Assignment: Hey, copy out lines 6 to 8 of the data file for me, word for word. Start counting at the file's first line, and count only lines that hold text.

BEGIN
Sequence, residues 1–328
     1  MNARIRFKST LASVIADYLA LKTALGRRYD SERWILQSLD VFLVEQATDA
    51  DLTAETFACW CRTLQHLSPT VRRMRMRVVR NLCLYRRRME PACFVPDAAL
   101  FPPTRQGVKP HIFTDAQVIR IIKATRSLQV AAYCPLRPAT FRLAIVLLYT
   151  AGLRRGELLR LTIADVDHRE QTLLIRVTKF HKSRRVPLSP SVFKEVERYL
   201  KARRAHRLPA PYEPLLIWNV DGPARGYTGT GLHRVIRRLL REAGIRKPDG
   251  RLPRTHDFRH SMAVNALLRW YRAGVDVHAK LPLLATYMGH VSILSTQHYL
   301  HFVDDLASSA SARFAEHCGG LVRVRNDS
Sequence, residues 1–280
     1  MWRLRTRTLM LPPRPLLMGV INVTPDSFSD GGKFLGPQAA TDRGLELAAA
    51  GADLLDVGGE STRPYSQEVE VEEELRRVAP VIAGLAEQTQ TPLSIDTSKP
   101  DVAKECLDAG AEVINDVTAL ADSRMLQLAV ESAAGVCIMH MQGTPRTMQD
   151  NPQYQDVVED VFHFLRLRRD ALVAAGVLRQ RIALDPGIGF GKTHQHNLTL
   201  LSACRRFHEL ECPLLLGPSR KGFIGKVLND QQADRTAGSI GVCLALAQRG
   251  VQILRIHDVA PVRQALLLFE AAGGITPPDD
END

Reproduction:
   201  KARRAHRLPA PYEPLLIWNV DGPARGYTGT GLHRVIRRLL REAGIRKPDG
   251  RLPRTHDFRH SMAVNALLRW YRAGVDVHAK LPLLATYMGH VSILSTQHYL
   301  HFVDDLASSA SARFAEHCGG LVRVRNDS